We’re constantly made to feel like we’re too small to make a difference and that things are just the way they are. At Project Cece, we beg to differ! Let’s look into what boycotting a brand actually means, why some clothing companies are being targeted, and what we believe is the most effective way to achieve change.
What does boycotting mean?
Boycotting is a form of protest that consists in refusing to buy from a company as well as withdrawing social relations with them.
While you’ve probably heard it many times over the past few years, it’s nothing new. Actually, the first form of boycott took place in the 1790s when people stopped buying slave-produced sugar. However, the term wasn’t coined until the late 19th century.
Why would you decide to boycott a company?
The reason why some people decide to boycott a company is, usually, to express disapproval and pressure them into making a change.
When it comes to fashion, it’s easy to see why boycotts happen so frequently, no matter how much we love this industry:
- Many fast fashion giants rely on sweatshops. Their workers are forced to endure inhuman shifts only to be rewarded with terrible wages, female workers are often harassed, and the safety conditions are appalling;
- Their clothes production also has a devastating impact on the planet, from the use of plastic-based fabrics to toxic dyes to pesticides;
- Another reason why people choose to boycott clothing brands is that they’ve managed to see past their greenwashing. Using deceiving terms and only telling half the story, they trick consumers into believing that they’re investing in eco-friendly products. In reality, they’re still fuelling a system built on sweatshops and practices that are damaging to the environment.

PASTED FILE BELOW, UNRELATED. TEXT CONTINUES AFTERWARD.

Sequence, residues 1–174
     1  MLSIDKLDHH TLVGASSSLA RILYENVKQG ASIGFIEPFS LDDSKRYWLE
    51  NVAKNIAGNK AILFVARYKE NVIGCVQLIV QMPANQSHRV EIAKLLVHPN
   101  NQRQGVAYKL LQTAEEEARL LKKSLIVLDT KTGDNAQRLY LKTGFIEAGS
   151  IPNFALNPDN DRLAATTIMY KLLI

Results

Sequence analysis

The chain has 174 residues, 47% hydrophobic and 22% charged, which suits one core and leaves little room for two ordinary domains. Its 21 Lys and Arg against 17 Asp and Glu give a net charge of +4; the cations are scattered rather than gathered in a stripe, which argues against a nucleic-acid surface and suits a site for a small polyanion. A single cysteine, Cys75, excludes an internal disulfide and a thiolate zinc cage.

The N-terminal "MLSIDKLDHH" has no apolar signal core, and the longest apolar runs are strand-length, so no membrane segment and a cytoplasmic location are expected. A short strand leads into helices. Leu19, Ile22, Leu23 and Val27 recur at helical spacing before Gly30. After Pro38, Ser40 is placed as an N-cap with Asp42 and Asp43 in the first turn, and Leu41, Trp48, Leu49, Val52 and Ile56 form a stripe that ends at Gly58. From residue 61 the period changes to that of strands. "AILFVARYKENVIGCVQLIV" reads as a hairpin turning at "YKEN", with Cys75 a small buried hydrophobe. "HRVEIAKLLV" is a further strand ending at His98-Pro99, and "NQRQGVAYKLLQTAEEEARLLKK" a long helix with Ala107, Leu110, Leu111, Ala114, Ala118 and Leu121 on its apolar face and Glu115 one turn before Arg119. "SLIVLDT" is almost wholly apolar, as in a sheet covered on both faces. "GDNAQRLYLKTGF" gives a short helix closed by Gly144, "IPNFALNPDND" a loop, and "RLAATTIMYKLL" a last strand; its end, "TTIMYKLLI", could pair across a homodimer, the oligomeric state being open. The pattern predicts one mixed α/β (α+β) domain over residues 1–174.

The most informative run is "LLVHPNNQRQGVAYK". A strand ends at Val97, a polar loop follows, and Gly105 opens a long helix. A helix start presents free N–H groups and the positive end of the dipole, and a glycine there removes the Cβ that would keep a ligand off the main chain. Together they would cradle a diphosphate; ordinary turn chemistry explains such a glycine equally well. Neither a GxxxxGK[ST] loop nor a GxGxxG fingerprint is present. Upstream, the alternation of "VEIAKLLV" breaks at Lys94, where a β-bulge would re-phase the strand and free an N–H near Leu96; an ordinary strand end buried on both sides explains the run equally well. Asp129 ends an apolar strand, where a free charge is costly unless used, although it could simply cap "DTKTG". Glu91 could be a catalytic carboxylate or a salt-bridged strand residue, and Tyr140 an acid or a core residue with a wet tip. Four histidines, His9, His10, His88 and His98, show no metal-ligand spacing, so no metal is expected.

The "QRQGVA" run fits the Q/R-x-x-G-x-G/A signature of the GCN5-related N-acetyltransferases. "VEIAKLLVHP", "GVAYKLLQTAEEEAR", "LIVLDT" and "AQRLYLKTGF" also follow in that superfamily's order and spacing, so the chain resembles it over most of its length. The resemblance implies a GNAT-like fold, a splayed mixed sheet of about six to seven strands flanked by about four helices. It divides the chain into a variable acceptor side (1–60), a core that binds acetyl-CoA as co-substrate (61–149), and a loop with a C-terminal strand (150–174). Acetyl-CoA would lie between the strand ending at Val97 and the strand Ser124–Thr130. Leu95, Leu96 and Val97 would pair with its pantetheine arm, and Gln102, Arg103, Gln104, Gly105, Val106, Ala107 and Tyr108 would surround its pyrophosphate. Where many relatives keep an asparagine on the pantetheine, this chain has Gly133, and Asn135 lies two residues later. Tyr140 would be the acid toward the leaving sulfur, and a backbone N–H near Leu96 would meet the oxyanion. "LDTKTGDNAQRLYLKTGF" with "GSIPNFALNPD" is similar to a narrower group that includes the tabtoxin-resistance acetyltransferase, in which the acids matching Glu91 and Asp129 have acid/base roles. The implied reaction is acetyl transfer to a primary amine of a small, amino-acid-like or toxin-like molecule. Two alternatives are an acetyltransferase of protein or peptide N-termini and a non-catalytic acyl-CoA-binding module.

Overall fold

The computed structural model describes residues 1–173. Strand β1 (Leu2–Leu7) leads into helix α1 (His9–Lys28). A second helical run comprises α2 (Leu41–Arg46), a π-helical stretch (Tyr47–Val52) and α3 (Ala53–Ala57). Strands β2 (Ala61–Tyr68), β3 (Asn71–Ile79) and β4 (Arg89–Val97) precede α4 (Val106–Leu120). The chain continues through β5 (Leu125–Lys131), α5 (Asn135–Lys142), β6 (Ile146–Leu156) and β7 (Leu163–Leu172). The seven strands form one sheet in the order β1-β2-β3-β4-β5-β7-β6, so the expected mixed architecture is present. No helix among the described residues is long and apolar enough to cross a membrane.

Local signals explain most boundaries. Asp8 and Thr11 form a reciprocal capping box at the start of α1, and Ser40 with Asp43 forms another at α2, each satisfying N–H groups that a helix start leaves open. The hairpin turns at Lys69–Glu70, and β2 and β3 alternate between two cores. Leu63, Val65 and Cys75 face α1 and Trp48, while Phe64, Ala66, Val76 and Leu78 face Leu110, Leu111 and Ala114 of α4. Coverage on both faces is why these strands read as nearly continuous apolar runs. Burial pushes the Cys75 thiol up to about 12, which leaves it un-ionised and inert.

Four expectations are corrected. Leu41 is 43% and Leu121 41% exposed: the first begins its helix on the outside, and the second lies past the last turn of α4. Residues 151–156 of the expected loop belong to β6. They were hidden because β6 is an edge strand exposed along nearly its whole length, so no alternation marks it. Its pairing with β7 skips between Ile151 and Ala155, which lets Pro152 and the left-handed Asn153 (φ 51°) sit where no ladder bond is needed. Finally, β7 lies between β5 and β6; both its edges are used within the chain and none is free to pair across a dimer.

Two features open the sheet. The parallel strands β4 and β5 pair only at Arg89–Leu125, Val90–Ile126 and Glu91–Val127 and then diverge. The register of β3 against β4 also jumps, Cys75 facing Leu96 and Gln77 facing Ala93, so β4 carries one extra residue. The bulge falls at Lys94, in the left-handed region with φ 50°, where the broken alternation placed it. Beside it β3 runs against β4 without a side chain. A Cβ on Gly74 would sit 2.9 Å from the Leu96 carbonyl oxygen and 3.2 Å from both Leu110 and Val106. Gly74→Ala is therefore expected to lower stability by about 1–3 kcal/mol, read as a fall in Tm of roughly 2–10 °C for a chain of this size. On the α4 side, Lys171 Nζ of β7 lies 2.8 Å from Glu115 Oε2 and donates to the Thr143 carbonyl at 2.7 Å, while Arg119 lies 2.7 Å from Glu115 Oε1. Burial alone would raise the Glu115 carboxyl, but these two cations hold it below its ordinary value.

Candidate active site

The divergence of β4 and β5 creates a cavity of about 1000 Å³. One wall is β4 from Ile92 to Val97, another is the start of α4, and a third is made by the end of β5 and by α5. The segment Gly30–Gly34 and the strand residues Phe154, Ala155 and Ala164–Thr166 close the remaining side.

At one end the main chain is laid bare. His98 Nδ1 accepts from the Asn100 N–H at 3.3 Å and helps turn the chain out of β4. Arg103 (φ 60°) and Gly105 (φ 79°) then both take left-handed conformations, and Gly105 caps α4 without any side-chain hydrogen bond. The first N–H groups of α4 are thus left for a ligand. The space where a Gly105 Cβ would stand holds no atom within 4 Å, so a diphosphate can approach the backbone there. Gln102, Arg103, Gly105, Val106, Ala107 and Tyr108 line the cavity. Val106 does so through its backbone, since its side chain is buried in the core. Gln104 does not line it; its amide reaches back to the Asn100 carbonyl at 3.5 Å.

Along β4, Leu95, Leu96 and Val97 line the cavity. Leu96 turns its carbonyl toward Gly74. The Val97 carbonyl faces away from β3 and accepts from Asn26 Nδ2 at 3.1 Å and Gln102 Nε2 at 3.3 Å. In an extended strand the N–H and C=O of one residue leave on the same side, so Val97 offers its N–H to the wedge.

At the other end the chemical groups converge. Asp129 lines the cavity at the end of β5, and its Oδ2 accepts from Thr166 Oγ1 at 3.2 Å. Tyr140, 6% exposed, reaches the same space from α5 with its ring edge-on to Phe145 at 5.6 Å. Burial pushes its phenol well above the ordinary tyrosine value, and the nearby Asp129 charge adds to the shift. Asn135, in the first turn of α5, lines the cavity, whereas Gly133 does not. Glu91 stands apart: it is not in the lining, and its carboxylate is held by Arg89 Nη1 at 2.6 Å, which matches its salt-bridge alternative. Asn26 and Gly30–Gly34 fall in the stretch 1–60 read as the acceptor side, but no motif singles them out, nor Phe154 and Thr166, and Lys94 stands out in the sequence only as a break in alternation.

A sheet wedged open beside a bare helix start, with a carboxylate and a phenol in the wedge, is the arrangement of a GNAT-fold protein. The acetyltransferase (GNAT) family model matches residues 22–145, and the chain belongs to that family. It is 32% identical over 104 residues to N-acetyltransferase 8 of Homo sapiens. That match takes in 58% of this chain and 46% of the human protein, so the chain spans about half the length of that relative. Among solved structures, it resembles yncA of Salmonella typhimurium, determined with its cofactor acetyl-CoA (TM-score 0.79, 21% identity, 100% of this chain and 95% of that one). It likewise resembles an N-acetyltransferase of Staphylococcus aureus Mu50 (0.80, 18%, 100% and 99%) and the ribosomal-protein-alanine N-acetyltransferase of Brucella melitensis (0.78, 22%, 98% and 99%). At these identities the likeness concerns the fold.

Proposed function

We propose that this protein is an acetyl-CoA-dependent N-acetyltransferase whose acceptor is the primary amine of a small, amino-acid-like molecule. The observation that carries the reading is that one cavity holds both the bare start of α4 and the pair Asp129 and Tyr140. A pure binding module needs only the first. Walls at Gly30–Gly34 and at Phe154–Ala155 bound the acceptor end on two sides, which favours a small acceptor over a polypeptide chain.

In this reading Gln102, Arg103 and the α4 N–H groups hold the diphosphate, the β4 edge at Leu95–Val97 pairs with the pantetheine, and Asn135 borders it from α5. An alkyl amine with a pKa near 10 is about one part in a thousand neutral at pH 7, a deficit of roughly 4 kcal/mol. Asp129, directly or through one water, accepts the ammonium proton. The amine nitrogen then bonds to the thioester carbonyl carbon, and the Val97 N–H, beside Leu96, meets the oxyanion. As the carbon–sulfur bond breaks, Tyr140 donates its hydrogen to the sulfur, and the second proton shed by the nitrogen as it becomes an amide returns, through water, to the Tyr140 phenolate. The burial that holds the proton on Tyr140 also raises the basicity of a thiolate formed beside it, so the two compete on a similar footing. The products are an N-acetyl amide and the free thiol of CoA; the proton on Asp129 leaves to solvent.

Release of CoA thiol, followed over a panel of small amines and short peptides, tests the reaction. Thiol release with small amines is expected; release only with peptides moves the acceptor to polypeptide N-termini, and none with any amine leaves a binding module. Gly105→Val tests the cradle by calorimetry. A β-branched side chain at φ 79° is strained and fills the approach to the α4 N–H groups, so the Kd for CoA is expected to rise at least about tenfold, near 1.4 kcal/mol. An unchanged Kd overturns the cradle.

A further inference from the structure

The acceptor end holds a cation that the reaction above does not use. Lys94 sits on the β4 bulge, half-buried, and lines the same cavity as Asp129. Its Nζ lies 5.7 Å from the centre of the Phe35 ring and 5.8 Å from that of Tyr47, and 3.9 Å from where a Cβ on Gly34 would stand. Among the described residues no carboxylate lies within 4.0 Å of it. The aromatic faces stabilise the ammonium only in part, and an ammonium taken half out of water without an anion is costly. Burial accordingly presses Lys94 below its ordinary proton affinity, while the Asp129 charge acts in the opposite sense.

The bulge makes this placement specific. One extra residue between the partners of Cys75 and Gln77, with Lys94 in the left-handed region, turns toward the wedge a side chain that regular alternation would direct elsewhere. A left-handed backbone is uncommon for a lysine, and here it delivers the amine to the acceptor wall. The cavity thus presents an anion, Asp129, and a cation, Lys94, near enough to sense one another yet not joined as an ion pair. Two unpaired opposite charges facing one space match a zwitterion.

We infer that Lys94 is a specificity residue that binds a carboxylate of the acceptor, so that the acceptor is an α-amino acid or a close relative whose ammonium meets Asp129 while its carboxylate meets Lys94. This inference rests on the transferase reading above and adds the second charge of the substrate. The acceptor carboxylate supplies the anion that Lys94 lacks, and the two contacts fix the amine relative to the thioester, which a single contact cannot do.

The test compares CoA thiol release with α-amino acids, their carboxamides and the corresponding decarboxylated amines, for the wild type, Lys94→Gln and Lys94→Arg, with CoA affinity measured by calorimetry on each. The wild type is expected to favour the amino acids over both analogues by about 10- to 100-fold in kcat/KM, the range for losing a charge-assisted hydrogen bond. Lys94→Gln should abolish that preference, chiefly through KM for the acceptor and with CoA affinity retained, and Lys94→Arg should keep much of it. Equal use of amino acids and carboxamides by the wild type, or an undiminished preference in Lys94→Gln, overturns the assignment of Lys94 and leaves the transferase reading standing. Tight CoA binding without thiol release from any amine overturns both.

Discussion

Is boycotting effective?
Boycotting is often successful. While it can take time, there have been countless instances in which a company has changed the practices that had angered so many consumers.
For example, Burberry banned fur and Donna Karan stopped using sweatshop-like factories.
This is probably because a boycott goes beyond the financial loss inflicted by the group of people who stopped shopping there: it attacks the company’s public image, highlighting their dodgy practices.
Even better: think of it as ‘buycotting’
While some companies undoubtedly employ worse production practices than others, when it comes to fast fashion the main problem goes beyond a specific brand or two.
It’s the fact that fast fashion in itself is not sustainable.
After all, how could it be, when it relies on buying new clothes every season only to discard them after a couple of wears?
That’s why we believe that, rather than just boycotting some fast fashion companies, it’s important to, as they say, vote with our dollars—or pounds.
Buycotting, in other words.
Instead of just stopping to buy products from a specific brand, you actively direct your monetary efforts towards companies that follow practices that you approve of.
By voting with your money, you show them what you’re actually interested in. It’s not a coincidence that we now see many more vegan and organic alternatives in supermarkets!
When it comes to fast fashion, buycotting consists of choosing slow fashion instead, buying clothes that were made to last and produced by companies that care about both the environment and their workers.
This also allows you to support the small independent brands behind these inspiring changes, which definitely need it a lot more than high street giants.
Remember: nobody is too small to make a difference. Most certainly not you!
Project Cece is a platform that collects ethical clothing from different webshops on one website. Take a look in our shopping section and find the clothing that fits your style, budget and values!